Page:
A Bit About Bob

My dad passed away a little over a year ago. It was unexpected, and difficult to deal with, since I was on the other side of the world during his fast and furious battle with cancer. I wrote about it here, and I miss him just as much now as I did when I wrote that post. His presence has been with us though, in the form of a blue SUV affectionately named “Bob”.

A while after my dad passed, my oldest sister (yeah, the responsible one), told me that there was some money for each of us girls from him. Not a fortune, but a nice unexpected gift nonetheless. Shortly before this all happened, we agreed to buy this car from a foreigner who was leaving the country. However, while we were waiting for him to leave, another vehicle, a Toyota Tamaraw, became available. It was also a super deal, and was much sturdier for adventures across the rough island roads. But, did we really need two cars? In a society where most familes don’t have a car at all, but instead get around town by jeepneys, taxis, and motorbikes, two cars felt a bit luxurious, almost gluttonous. The day the Tamaraw became available was the same day my sister let me know that she had sent us money from my dad’s estate. We saw that as more than coincidence, and thought maybe God had a plan. We went ahead and bought the Tamaraw, not exactly knowing why.

That night, we took it to the carwash, and bought a new air freshener for it. Samantha picked one out with the cryptic name “Black Ice”, and swore it smelled wonderful. “Black Ice” to me is on par with other fragrance names like “Mountain Spring” or “Fields of Wonderfulness”. You just don’t know what you’re gonna get. But, I trusted her, and when we opened the wrapper and exposed the little pine tree, I smiled. It smelled like men’s cologne (that’s a good thing, not the cheap gift pack you buy at Walmart on Christmas Eve for the obscure uncle you forgot was going to be at the family dinner). It smelled almost exactly like my dad always did. As the fragrance filled the car, Andrew said, “Hey It smells like grandpa in here”! And that’s when the tears started again. Growing up, our family had this goofy tradition of naming our cars. There was no question that the newest addition to our fleet had to be named “Bob”, after my dad.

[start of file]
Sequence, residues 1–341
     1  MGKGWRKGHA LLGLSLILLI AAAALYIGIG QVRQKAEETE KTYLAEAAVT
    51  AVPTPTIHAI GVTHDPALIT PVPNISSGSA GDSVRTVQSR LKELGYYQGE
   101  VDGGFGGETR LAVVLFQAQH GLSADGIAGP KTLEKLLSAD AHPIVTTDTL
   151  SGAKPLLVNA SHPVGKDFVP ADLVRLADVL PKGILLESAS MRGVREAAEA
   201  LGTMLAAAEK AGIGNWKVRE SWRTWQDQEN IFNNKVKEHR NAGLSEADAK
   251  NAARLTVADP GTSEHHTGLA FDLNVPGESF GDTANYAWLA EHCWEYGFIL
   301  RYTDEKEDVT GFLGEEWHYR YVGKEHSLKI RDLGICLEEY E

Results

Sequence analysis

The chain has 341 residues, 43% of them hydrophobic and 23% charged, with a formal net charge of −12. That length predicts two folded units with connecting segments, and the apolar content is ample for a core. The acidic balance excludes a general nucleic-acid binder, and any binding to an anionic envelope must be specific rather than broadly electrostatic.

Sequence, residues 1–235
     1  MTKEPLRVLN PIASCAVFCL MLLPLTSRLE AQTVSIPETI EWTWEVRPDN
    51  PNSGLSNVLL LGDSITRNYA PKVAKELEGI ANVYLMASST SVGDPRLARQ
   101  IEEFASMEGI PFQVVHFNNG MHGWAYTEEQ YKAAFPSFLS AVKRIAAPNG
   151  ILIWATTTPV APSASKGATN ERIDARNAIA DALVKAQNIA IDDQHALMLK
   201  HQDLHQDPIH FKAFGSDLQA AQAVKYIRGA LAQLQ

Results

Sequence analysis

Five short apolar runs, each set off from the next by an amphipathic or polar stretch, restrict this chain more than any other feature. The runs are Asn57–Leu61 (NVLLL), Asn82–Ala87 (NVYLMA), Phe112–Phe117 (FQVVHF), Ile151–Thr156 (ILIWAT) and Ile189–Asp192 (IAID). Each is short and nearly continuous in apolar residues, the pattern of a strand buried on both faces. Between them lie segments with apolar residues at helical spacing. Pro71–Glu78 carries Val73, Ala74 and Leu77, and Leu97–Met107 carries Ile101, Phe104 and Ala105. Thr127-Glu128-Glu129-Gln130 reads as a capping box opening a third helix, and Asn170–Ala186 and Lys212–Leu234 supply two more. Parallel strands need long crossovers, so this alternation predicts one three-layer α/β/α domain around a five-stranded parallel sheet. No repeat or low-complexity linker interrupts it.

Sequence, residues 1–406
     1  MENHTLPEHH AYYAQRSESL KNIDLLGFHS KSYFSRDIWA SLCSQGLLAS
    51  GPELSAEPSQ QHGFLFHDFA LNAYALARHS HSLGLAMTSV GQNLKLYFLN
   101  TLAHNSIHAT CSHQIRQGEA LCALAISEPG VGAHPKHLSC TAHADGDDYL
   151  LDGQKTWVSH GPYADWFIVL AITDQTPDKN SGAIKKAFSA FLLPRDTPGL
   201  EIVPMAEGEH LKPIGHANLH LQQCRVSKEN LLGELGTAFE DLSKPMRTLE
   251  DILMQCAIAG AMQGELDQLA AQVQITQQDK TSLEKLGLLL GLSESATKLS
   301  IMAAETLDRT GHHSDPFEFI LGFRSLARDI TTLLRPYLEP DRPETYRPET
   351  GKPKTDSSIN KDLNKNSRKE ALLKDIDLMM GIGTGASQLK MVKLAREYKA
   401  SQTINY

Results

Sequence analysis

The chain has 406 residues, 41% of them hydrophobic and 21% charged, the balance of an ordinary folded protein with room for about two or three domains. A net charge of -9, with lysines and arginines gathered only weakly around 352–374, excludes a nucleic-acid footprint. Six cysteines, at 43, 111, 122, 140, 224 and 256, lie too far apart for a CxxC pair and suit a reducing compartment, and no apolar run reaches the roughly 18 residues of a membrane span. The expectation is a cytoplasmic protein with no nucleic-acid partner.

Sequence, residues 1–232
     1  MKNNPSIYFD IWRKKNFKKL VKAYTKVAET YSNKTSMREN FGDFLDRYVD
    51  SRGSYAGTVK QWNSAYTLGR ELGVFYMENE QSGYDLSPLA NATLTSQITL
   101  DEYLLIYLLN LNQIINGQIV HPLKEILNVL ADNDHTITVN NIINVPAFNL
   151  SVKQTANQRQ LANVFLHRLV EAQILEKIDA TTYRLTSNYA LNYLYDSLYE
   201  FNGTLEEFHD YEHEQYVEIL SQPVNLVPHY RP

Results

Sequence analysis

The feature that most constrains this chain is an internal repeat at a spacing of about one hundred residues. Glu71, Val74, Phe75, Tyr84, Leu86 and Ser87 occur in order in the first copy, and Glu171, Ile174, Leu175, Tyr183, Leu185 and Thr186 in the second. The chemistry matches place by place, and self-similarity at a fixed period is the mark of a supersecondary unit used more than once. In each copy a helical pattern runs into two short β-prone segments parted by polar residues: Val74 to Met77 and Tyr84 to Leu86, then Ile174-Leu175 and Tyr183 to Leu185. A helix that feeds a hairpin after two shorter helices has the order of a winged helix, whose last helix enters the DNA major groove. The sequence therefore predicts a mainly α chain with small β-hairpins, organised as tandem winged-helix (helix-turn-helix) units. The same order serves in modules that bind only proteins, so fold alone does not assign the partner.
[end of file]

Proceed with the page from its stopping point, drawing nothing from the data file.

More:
When Typhoon Pablo hit Mindanao last December, Dan, along with many other missionaries, sprung into action, making numerous trips to the decimated coastline to help rescue, recover, and rebuild. It’s a grueling trip, especially early on when the roads were in less than ideal shape. Several of our teammates did not have adequate transportation, and that’s when Bob sprang into action. He’s not a 4X4, but don’t tell him that. He’s made several trips on roads that should have been impassible, and with the exception of minor repairs here and there, has done awesome. We joke that he is “one of the team”.  In a way, it’s like having Dad be a part of the team. I was telling my sister the story of all Bob’s done, and she laughed and said, “can you imagine Dad doing any of that?! It’s probably a good thing he isn’t there to see any of this, he wouldn’t be happy with you!”. Out of context, these may seem like harsh words, but I understand it completely. My dad was never 100% OK with us moving here, or anywhere, that was far away and out of his control. Not unlike any parent I suppose, but he was a chronic worrier, with touches of agoraphobia and anxiety. The thought of anyone in the family going to the disaster zone would have put him on edge, and I hate to admit it, but my sister is right. He would not have been happy. All out of love, of course! So, it’s a bit comical, and ironic, that his “namesake” has played such a huge role is this ongoing project. I really wonder if his spirit doesn’t come along for the ride, and can see what he helped make possible.

As a team, we have hundreds, probably thousands, of pictures of the relief trips from over the past several months. I have looked through them countless times, and one day I began to realize how many pictures had Bob in the background. He is most definitely part of the team.

380036_10151214136713580_157399398_n
Bob leading the way through the debris after Typhoon Pablo

598432_10151214136873580_1055983374_n 382004_10151214139498580_850680768_n 380043_10151214139618580_1944092914_n

Unpacking tons of gear at the destroyed hospital in Cateel
Unpacking tons of gear at the destroyed hospital in Cateel
baganga
Entering Baganga, where the majority of the team’s efforts have been focused.
Bob also makes a great hangout!
Bob also makes a great hangout!

 

 

 

 

Advertisements

Leave a Reply

Fill in your details below or click an icon to log in:

WordPress.com Logo

You are commenting using your WordPress.com account. Log Out / Change )

Twitter picture

You are commenting using your Twitter account. Log Out / Change )

Facebook photo

You are commenting using your Facebook account. Log Out / Change )

Google+ photo

You are commenting using your Google+ account. Log Out / Change )

Connecting to %s